A woman who became a war orphan after her parents were killed at Auschwitz is telling her story at Contra Costa County libraries that includes a talk Tuesday at Martinez Library.
Sylvia Ruth Gutmann has written her memoir, “A Life Rebuilt: The Remarkable Transformation of a War Orphan,” about her experiences, according to an announcement by Serenity Dean, adult and teen services librarian.
Born in 1939 in Belgium, Gutmann was orphaned at 3 when her parents were killed at Auschwitz. She and her two older sisters escaped Belgium, first going to Switzerland before arriving in New York at the age of 7.
Gutmann was taken in by an uncle and aunt. The former she has described as well-meaning, but the aunt, she said, was cruel. They advised her not to speak of the past events, telling her to put them behind her and to move on.
Now 62, she has spent 50 years trying to understand a past that has been hard to remember, the announcement said.
In “A Life Rebuilt: The Remarkable Transformation of a War Orphan,” she chronicles 60 years spent in three countries and the travels of thousands of miles, as well as the relationship she developed with a man 40 years younger, who encouraged her to move to Germany to be with him.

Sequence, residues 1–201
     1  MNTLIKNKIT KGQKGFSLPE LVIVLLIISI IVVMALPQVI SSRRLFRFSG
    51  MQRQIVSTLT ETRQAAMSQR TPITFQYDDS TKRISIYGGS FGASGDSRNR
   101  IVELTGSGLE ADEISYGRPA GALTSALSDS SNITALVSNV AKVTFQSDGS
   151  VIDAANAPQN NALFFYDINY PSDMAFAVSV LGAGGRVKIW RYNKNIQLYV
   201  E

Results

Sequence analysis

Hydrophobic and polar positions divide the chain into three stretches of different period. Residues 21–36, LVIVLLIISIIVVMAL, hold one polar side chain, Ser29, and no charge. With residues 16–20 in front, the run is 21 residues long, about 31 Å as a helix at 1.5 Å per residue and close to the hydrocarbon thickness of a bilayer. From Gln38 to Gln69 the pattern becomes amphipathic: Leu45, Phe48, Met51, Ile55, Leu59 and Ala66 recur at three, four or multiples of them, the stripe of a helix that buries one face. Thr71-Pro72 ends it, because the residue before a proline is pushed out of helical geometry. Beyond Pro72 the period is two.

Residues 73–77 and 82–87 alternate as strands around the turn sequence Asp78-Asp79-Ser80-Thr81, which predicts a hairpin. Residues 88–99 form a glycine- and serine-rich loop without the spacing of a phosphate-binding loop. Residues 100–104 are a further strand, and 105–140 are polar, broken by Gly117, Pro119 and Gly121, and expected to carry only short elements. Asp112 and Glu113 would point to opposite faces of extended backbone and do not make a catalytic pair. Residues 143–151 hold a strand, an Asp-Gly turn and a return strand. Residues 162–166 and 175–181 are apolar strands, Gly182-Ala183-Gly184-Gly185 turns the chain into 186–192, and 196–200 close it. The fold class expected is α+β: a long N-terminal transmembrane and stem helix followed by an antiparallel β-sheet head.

She has shared her family’s story and her parents’ fate with German students, older citizens, and even neo-Nazi groups, the announcement said.
Those talks have helped Gutmann reconcile with people she had come to fear and loathe. She also has described the lives of her lost parents.
Her book has been described as heartbreaking and inspiring, told with candor, substance and heart, the announcement said.
“I needed five decades to heal from the trauma of being brutally separated from my parents when I was a child,” Gutmann has said. “It’s horrifyingly ironic that the current zero-tolerance immigration policy of separating young children from their parents, has made my story even more relevant today.”
Gutmann is a former spokesperson on behalf of the United Jewish Appeal Federation of New York City. She annually shares her story at numerous Holocaust remembrance and Wounded Warrior ceremonies organized by the U.S. military.
She also has also spoken extensively throughout Europe, and she has been granted honorary German citizenship in 2002 for her peace activism. Her website is at https://sylviaruthgutmann.com/.
Her first Contra Costa County Library talk will be at 6:30 p.m. Monday in the San Ramon Library, 100 Montgomery St., San Ramon.
She will speak at the Martinez Library, 740 Court St., at 6:30 p.m. Tuesday.
Other appearances will be at 1 p.m. Feb. 11 at Orinda Library, 26 Orinda Way, Orinda; and 6 p.m. Feb. 11 at Walnut Creek Library, 1644 N. Broadway, Walnut Creek.